Coming to Mount Holyoke from Beijing, junior Amy Shiying Wang initially struggled with translating familiar concepts, particularly in her biology class, since her high school science classes had been taught in Chinese. She credits her professors’ patience, responsiveness and encouragement for her success. With their support, she explored her passion for biochemistry and computer science, and was able to combine both of her majors into the perfect internship opportunity: a lab at Baylor College of Medicine, where she used computational biology techniques to analyze RNA sequences. She is also exploring classes outside of the STEM fields. “I also take full advantage of a liberal arts education,” she says. “I think it makes me a better scientist — and definitely a better human being — when I have cohesive learning.”
When you invest in Mount Holyoke, particularly through one of our scholarship aid destinations, you are paving the way for eager, inquisitive students like Amy to grow, pursue their interests and support those who follow in their footsteps.
In Amy's own words:
The professor who inspired me the most is professor Amy Frary from the biology department. I had my first biology class with her when I had absolutely no idea what I was going to do with my life. It was an introduction to biology class called A Green World. It was about plants — and I love plants.
It was really, really overwhelming sitting in her first class learning everything in English. All my high school science classes were taught in Chinese, so I had no idea what was going on. I had no idea what the mitochondria was, even though I know the concept in Chinese super, super well. I didn't know the English and it was very, very hard. But she was super patient with me.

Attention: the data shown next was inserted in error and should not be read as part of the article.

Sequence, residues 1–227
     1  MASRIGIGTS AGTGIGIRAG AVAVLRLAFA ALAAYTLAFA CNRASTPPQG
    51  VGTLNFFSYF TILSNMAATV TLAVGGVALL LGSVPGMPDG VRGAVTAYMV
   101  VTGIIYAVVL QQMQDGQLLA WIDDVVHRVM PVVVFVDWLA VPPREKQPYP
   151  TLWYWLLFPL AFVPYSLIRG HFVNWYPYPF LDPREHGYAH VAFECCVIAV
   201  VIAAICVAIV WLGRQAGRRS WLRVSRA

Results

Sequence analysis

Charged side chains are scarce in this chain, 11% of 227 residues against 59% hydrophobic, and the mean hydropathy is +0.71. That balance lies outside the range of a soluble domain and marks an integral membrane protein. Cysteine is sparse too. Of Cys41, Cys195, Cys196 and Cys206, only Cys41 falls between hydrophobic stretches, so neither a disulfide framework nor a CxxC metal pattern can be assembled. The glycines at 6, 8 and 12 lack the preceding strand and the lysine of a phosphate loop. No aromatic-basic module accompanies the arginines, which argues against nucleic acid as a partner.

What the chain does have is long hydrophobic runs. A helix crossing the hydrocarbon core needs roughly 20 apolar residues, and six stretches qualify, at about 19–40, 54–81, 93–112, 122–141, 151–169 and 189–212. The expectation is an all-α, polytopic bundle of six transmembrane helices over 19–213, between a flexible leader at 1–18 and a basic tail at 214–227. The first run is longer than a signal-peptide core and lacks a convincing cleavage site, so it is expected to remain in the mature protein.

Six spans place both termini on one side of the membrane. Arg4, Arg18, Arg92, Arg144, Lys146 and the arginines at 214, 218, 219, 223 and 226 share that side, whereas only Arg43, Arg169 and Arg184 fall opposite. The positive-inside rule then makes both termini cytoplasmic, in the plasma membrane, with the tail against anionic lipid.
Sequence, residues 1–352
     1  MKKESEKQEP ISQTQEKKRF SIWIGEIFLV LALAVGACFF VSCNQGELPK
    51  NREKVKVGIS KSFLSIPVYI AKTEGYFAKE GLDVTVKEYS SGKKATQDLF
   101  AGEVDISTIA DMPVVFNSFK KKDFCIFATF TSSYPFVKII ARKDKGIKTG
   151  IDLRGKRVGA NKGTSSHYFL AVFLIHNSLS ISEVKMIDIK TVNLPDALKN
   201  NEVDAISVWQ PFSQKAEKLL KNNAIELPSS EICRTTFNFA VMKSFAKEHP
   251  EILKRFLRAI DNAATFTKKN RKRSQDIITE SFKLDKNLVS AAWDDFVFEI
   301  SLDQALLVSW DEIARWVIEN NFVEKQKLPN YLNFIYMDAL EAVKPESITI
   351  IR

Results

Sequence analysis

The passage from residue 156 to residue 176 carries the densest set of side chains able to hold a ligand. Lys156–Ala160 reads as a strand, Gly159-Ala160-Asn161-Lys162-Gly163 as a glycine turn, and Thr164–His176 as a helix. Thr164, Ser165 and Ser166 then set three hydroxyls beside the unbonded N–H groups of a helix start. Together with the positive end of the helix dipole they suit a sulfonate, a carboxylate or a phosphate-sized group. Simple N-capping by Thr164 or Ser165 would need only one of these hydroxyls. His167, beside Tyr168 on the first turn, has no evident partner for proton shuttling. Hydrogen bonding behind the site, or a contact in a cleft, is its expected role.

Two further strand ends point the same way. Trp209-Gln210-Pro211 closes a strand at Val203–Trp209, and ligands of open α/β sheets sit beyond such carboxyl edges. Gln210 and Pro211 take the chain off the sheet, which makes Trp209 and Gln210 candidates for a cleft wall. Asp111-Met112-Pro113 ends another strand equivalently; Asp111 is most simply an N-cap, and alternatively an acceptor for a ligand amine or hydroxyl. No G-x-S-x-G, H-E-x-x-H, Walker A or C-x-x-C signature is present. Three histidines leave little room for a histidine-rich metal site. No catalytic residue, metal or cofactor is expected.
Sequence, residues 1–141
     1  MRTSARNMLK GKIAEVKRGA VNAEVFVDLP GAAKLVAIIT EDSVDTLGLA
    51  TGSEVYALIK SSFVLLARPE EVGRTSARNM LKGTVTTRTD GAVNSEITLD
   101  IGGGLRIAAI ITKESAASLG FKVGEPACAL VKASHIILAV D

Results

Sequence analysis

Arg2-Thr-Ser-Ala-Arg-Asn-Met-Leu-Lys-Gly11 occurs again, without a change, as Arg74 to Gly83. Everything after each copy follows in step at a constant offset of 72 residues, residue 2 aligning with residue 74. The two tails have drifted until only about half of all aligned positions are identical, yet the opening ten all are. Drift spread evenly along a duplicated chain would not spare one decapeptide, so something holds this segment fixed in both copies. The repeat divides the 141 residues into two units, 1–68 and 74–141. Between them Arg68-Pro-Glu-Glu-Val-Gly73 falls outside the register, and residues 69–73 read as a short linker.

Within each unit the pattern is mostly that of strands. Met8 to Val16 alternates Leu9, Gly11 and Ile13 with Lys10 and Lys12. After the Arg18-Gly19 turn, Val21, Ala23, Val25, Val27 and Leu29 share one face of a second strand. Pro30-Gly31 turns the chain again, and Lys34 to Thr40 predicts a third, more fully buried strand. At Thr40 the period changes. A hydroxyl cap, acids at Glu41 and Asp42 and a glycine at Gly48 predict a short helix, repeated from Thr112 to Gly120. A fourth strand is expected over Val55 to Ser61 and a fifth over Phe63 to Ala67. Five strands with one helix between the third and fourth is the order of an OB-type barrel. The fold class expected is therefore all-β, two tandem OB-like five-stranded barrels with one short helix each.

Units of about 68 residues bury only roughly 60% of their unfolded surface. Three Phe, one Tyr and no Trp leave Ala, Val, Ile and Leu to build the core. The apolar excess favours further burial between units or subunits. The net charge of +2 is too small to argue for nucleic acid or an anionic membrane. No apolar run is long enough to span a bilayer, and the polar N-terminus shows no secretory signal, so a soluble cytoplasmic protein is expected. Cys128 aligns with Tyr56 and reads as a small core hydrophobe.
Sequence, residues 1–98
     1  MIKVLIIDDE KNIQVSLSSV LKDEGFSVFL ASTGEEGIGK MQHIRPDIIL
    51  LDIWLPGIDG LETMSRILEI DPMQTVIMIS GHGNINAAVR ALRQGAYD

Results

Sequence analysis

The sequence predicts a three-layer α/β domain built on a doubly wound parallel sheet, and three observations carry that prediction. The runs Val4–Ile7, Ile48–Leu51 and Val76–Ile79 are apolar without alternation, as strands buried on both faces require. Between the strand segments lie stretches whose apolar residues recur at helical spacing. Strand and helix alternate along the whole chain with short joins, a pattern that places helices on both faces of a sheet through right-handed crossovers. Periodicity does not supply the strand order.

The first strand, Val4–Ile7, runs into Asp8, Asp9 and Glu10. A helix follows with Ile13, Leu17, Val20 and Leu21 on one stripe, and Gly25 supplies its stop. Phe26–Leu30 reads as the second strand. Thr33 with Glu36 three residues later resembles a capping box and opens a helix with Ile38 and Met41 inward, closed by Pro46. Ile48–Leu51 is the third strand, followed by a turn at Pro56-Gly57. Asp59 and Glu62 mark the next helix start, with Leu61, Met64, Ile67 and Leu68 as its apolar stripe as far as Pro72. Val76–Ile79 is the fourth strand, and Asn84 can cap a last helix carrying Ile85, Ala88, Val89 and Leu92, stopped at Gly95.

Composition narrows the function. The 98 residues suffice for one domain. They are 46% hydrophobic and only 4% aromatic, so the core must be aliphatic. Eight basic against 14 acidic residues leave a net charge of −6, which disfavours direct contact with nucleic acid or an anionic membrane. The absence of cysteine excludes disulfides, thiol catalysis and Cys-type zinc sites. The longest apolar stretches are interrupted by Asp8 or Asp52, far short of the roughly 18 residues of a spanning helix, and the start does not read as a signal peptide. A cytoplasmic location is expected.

I’d go to her office hours two or three times a week. And whenever I was studying in the library with my notes and my computer, I would write her a question and she would always respond within 30 minutes. She was just super responsive and super helpful. She's definitely one of those people that really impacted me to pursue science. She was always encouraging. She’d tell me I should start looking at labs, trying to find an independent study if I wanted to. Even when I told her that I wanted to pursue biochemistry and would have to leave the biology department, she was also in full support of that.
I worked with professor Sarah Bacon on postpartum-uterus healing for a semester when I was a sophomore. I worked in her lab on an independent study, where I learned how to cut frozen tissues from scratch. She told me all the techniques, step by step and she gave me an idea about being a scientist and working at the lab bench. That was really helpful in terms of making my decisions on my future career.
In the fall semester of my sophomore year, I took my first computer science class. I didn’t know what I was going to do with this class. I was just like, “Oh, this is kind of my interest. I'm going to give it a try.” In the middle of my intro to computer science class, my professor, Lisa Ballesteros, told me that I should really try to participate in HackHolyoke, which is a competition for people who major in computer science and are passionate about coding and programming. I said, “I don't know much about it, but I'll give it a shot.” She really encouraged me, and my team won the Google Scholar diversity prize for the game we made.
This summer, thanks to Lynk funding, I am working at a lab at Baylor College of Medicine. I am focusing on implementing techniques about computational biology to analyze RNA sequences, which is a great way to use my two majors. There's a lot to learn and it's very, very hard but I am just having a lot of fun with it.
I am definitely a science student. But besides taking biochemistry and computer science, I also take full advantage of a liberal arts education. I think it makes me a better scientist — and definitely a better human being — when I have cohesive learning.
Being an international student in the United States, I have very limited ways to gain money for myself. Lynk funding gave me opportunities to learn all the cool skills and explore computational biology, which is a completely new field for me without really worrying if I have to get a job. At this point it has been really reassuring for me in terms of my finances.
—Amy Shiying Wang ’22
Biochemistry and computer science double major
Pictured above: Amy Shiying Wang ’22 performs in the one-act Chinese play, “A Wasp,” presented by the Mount Holyoke Theatre Department in March 2019.